Le Pen victory could hurt Renault, PSA
Macron (left) will work to strengthen the EU. Le Pen will push to leave the bloc.
Photo credit: Reuters
PARIS -- Voters in France go to the polls on Sunday in a presidential election that no matter who wins could have repercussions for the country's automakers, Renault and PSA Group, both of which are partly government-owned.
The first round of voting on April 23 whittled a field of 11 fractious candidates down to two: The front-runner, Emmanuel Macron, an independent centrist who says a reform of France's labor-friendly work rules is necessary to shake the country out of its economic doldrums; and Marine Le Pen, the leader of the far-right National Front who has vowed to protect French workers by pushing France to leave the European Union and abandon the euro currency, though she has moderated her positions in recent weeks.
Macron, 39, who served briefly as President Francois Hollande's economy minister, has about a 20-point edge in opinion polls, but his lead over Le Pen, 48, has narrowed considerably in recent weeks. A substantial part of the electorate remains undecided, however, and many on the far left say they will sit out the vote.
Le Pen's campaign has stoked fears over immigration, terrorism and globalization, echoing themes that led to the UK's vote to quit the EU and the election of President Trump in the U.S. She has a strong power base in the "rust belt" of northern France, where unemployment is well above the national average of 10 percent. Her proposals would increase border tariffs and labor protections, including allowing workers to retire at age 60.
Those policies would most likely pose problems for French automakers, who are already grappling with high domestic labor costs and foreign exchange headwinds from a weak British pound, experts and analysts said.
"She will learn pretty quickly, with PSA just having taken over Opel, that it's not in her interest to be protectionist in France, because the Germans will do the same thing," said Daniel Gros, the director of the Center for European Policy Studies, a think tank in Brussels.
In contrast, Macron promises to work to strengthen the EU, cut about 120,000 government jobs and slim down France's notoriously plush welfare state.
His proposals come as both Renault and PSA are diversifying.
Under CEO Carlos Tavares, PSA is in the process of buying Opel/Vauxhall from General Motors, adding German and British brands and production facilities. The Renault Group now sells 45 percent of its vehicles outside of Europe.
"The French automakers are globally oriented so it's very difficult to protect the 'old country,'" said Martin Benecke, manager of light vehicle sales forecasting at IHS Markit. "The companies are not just connected to France. They are really international with joint ventures, now with Opel on board at PSA. It's not realistic to go back to protectionism."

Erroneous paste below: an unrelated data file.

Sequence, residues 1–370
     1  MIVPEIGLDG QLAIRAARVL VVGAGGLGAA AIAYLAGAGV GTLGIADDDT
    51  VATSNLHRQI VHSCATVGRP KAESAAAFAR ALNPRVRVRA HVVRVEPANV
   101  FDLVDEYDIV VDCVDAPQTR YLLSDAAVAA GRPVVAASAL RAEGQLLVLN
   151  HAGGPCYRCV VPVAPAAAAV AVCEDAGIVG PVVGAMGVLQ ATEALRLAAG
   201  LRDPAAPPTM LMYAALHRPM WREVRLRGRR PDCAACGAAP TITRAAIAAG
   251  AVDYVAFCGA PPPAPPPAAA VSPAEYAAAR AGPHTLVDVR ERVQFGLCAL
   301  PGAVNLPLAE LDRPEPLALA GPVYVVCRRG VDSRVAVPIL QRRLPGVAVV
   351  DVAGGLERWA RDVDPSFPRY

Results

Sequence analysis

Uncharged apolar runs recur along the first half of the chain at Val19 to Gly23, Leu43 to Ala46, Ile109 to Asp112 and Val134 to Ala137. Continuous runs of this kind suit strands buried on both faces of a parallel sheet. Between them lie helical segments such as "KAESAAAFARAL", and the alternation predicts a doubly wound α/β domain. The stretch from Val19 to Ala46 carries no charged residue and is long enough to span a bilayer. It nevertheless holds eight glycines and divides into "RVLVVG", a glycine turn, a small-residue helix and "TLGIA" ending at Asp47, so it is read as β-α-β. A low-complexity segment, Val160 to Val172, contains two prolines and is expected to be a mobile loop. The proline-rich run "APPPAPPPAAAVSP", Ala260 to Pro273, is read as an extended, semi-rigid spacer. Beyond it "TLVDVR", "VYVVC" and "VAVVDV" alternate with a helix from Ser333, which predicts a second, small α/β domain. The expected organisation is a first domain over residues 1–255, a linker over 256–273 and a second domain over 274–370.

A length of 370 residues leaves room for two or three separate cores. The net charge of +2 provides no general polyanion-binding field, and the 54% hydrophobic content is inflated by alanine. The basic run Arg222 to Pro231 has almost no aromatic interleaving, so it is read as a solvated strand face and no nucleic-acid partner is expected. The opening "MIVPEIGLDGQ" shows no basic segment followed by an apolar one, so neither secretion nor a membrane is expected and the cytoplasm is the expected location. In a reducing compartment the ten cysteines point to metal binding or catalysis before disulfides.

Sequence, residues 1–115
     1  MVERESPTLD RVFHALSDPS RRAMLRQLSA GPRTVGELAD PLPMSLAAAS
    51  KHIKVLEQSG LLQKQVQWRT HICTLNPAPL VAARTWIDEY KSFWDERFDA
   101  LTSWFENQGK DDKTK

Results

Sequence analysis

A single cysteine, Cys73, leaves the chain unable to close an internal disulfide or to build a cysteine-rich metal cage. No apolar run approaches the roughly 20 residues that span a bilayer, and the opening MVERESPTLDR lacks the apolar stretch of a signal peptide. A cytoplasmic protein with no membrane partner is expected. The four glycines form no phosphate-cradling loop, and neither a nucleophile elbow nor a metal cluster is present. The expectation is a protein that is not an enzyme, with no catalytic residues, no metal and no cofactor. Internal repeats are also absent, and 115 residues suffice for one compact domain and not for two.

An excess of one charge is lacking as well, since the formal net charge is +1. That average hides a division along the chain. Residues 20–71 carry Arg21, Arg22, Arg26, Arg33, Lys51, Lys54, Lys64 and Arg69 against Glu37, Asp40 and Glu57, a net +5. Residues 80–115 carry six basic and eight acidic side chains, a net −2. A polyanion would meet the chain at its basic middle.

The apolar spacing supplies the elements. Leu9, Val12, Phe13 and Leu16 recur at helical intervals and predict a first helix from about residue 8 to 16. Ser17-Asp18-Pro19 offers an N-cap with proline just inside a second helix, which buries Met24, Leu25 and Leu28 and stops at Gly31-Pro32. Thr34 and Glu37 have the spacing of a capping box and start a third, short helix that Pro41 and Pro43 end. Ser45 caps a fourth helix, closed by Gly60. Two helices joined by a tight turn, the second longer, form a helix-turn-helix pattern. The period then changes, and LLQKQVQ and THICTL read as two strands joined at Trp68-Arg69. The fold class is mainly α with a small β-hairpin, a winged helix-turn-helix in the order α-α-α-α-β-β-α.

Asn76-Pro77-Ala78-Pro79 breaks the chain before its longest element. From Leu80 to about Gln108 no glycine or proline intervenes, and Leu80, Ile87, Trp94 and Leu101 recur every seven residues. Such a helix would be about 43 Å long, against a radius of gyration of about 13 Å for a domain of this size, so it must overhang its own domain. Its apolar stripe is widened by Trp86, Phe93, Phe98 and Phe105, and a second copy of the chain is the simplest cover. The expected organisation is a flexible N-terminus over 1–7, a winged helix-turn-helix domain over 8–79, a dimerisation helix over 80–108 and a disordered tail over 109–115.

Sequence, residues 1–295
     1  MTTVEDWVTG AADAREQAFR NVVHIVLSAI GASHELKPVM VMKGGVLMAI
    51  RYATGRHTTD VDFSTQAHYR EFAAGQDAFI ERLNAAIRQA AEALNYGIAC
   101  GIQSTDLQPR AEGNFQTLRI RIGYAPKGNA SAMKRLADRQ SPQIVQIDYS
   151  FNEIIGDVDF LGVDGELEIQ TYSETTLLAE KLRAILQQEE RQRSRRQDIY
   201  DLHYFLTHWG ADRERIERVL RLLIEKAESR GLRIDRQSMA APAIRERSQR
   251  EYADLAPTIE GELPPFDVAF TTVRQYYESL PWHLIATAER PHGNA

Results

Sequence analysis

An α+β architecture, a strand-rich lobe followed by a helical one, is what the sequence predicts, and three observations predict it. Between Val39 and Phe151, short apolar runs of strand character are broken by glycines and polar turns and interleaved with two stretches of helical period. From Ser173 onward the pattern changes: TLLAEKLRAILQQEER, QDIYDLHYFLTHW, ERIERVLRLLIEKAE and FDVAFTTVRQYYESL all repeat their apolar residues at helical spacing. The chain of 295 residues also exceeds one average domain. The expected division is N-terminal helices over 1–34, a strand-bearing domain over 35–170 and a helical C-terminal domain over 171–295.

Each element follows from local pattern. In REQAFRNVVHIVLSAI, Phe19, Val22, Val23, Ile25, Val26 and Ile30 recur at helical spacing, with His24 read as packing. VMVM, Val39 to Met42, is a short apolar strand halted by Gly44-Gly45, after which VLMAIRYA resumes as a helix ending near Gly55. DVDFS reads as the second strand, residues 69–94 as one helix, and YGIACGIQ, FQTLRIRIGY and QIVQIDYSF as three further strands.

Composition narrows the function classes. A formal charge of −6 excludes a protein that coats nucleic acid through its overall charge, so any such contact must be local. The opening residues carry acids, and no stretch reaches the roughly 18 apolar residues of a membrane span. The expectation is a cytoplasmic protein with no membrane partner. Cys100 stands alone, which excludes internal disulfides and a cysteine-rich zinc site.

Auto industry groups in both France and Germany have issued statements in support of Macron's platform. "We are in favor of free trade, pro-Europe policies and less taxes on salaries and production," the French automobile industry association, or CCFA, said on Wednesday.
"The pressure is increasing on the French system to liberalize," Benecke said. "They have to do it anyway, from my point of view, but better to start now than in 10 years when everything is broken.
"It's difficult to really compete with other countries and other regions if you keep on with these strict laws," Benecke said.
Macron has a complicated history with Renault. In 2015, as economic minister, he directed the French government to raise its stake in the company to nearly 20 percent from 15 percent. The move, a rare defeat for Renault CEO Carlos Ghosn, ensured that long-term investors -- including the government -- would have double voting rights. The government holds two seats on Renault's governing board.
At the time, Macron said the purchase reflected the Hollande government's determination to use all available tools "to promote a progressive, long-term kind of capitalism that supports workers and helps companies grow." The increase was described as temporary, but two years later the French state still has not reduced its share.
That has rankled Ghosn, who this year said that Renault and its Japanese partner, Nissan, could not consider further integration unless the French government sells its share. Under the terms of their 2002 alliance, Renault holds 43 percent of Nissan with voting rights; Nissan holds 15 percent of Renault, but without voting rights.
"The day the French state decides to get out, everything is open, and I can tell you it won't take too much time," Ghosn said.
Renault was criticized by Macron over Ghosn's compensation, after a nonbinding vote by shareholders voted to reject the executive’s $8.3 million payout in 2015. The vote was overturned by the company's board, leading Macron to complain about Renault's "dysfunctional governance" and threaten legislation to restrict pay.
PSA, too, has not been immune from Macron's criticism. When CEO Carlos Tavares' salary was doubled in 2015 to 5.2 million euros, Macron described it as "excessive" though he noted Tavares was a good manager in the midst of turning around a struggling company.
That recovery was aided in 2014 by an infusion of capital from the French government giving it a 14 percent stake, though Macron was an aide to Hollande at the time and had not yet been appointed economy minister.
Macron has promised to sell some of the government's asset portfolio to raise money for an innovation fund. PSA shares, having risen sharply in value as Tavares has revived the company's fortunes, could be an attractive target.
Gros expressed some skepticism that Macron would follow through if elected. "It's easier to say that in opposition than when you are in government and you enjoy the patronage and ability to have influence," he said.